• Congress has by inaction abrogated many of the functions of the declaration of war not covered under the laws and regulations cited above. As such, they have created legal precedent for the President to take action not approved by them. I would simply note that while this is true, that the written Constitution can be re-installed by actions of two of the three branches of government. Such would create an interesting situation, and there would be merits to declaring such ex-post-facto and not applicable to any actions taken in the interim.
What will truly matter is the precise proposal presented by the administration, and the precise wording of any approval of or rejection by Congress. To be blunt, unless Congress specifically says that no military or other action is to be taken against Syria, the President can -- with full legal authority -- take actions not rejected by Congress. That does not touch on other aspects that could (and I hope would) prompt civilian and senior military leadership to pause and think. There is fine parsing legal, and then there is Legal, and it is the latter that should cause good Men (male and female) to think and take principled action even at cost to themselves. It is oft overlooked that much of what led to the famed Nuremburg trials was technically legal within German law based on legislation, regulation, executive orders, and precedent (short-term).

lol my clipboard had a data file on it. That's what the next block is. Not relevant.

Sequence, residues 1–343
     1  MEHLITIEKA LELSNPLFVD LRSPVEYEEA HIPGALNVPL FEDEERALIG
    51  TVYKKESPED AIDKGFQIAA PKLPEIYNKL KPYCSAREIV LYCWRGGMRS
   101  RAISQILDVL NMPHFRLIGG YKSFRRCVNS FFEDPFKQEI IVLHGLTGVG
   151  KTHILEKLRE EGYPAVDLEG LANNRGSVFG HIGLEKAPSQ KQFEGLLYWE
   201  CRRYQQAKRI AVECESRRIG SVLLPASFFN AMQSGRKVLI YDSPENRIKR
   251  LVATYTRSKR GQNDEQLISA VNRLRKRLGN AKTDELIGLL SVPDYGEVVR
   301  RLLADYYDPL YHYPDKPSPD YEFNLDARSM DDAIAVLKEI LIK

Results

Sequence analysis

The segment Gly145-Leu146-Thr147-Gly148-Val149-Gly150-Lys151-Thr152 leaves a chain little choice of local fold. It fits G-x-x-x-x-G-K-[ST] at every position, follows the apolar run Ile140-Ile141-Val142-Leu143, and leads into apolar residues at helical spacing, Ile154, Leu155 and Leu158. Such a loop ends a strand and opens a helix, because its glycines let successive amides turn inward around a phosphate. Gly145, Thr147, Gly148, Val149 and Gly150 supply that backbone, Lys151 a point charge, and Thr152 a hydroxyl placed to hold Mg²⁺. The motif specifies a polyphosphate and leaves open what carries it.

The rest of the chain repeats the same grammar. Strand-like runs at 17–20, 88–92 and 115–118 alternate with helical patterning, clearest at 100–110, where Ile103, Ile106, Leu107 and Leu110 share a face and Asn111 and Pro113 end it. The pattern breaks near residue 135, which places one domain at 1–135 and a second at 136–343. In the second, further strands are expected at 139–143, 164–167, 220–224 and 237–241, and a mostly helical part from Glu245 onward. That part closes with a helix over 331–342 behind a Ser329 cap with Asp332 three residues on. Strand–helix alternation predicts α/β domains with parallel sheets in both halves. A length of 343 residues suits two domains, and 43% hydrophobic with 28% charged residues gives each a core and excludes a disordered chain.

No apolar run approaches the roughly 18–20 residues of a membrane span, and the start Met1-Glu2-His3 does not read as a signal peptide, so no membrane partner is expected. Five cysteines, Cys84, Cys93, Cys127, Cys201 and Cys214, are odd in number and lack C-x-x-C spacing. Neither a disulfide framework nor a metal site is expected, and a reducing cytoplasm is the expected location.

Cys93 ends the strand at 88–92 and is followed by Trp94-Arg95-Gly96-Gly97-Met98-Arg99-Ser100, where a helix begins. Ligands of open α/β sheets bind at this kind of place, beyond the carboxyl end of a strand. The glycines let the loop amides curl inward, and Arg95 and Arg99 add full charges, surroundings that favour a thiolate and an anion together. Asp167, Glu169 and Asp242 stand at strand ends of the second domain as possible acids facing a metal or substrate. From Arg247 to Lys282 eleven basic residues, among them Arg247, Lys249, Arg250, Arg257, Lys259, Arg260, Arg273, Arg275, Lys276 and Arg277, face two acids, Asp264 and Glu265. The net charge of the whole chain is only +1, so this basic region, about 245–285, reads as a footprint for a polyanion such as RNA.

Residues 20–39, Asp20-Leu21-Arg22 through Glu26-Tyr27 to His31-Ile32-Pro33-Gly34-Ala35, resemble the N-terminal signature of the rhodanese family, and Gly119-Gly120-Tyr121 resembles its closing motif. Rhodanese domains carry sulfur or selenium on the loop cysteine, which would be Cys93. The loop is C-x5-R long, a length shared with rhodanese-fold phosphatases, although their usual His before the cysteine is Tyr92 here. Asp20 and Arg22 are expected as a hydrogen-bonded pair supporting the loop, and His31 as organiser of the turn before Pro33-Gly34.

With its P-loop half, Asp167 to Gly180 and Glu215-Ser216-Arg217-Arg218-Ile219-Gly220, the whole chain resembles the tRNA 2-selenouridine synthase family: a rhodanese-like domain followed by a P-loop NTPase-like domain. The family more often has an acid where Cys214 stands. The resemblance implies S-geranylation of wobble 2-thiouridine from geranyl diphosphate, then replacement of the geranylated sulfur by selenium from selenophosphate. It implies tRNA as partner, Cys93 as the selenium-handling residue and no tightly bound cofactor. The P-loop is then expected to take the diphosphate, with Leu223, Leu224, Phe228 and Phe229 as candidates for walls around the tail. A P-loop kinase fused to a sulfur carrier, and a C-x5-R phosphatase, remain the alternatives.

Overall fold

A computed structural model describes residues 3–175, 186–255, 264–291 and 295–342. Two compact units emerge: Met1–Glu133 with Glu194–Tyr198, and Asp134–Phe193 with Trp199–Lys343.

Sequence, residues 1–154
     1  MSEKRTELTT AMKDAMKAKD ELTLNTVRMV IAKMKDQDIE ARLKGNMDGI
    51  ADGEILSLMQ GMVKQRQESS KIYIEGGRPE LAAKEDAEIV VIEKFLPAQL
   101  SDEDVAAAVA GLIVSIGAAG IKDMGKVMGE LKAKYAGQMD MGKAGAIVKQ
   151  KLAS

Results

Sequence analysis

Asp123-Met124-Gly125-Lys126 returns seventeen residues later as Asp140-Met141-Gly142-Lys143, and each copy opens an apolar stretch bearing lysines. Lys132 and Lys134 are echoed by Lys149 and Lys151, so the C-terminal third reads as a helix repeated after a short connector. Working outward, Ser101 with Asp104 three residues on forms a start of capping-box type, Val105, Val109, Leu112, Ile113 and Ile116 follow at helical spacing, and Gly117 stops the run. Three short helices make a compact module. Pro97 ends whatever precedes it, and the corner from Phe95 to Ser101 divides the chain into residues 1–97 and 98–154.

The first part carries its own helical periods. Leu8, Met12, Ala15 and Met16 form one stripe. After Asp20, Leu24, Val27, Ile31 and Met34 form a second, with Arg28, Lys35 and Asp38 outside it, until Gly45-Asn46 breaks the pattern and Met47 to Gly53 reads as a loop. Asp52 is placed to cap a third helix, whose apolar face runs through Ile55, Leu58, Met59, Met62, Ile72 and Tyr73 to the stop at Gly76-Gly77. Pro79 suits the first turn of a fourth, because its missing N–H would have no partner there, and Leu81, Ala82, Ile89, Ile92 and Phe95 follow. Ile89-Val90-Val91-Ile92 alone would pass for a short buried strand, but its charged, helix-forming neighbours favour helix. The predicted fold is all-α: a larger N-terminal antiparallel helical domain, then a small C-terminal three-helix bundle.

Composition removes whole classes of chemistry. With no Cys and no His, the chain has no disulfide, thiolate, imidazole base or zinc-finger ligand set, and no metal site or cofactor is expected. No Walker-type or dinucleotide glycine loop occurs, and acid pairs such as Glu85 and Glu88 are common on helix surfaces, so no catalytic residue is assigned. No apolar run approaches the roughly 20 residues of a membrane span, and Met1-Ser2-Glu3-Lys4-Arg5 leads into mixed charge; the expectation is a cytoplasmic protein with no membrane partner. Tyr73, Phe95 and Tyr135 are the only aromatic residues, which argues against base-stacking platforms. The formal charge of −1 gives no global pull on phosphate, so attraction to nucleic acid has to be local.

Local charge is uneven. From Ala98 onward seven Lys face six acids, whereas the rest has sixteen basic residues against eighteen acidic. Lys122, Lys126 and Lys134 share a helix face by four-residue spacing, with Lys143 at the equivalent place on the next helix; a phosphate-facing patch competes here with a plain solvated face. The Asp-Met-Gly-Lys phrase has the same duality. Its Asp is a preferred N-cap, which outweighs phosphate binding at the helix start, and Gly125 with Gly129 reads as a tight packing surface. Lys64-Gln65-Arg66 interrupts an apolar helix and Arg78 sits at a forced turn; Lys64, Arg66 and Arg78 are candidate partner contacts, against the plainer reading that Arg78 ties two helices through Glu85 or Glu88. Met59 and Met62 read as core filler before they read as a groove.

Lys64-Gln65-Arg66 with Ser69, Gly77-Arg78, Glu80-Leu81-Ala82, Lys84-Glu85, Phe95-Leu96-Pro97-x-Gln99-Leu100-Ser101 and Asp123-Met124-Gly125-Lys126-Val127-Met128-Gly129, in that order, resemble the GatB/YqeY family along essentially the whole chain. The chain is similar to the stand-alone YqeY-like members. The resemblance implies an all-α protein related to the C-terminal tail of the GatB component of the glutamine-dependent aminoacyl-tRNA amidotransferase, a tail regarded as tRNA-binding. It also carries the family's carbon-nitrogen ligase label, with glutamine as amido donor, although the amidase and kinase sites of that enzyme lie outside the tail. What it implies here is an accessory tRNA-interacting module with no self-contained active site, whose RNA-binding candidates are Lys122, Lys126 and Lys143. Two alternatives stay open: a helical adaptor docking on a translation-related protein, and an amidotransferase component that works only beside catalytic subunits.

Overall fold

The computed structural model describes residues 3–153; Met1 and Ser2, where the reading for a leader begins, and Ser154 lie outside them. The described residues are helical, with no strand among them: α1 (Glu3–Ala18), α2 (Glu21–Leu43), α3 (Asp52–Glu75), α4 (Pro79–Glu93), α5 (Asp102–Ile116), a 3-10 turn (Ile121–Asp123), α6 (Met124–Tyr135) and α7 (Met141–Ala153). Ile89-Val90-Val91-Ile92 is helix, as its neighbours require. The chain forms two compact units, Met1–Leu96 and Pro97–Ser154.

I have a very strong concern that the point on lawful orers raised by Mr. Sensing is correct, and that there are several groups that would love to make it such no matter what. One set of groups will do so because they are determined to eliminate the military as an effective and efficient force for domestic political gain, and will see this as one more way to do so consequences be damned. Others will do so because they see it as a way to attack and defeat the administration and use that for domestic purposes, consequences be damned. Yet others will do so because they want to destroy the U.S. and they really can't do so as long as we do have a strong, effective, and efficient military. Few, if any, will do so for the good of the military and the Republic IMO.
All of this remains, for now, academic. The government of the Republic -- all three branches -- have yet to work their way through to the end. To that end, I urge my representatives in Congress to vote no, and to be specific in intent and language. We have no national interest in the situation as currently defined; we have no immediate, intermediate, or long-term measurable goals; and, no need to give enemies foreign or domestic any excuse or opening to act.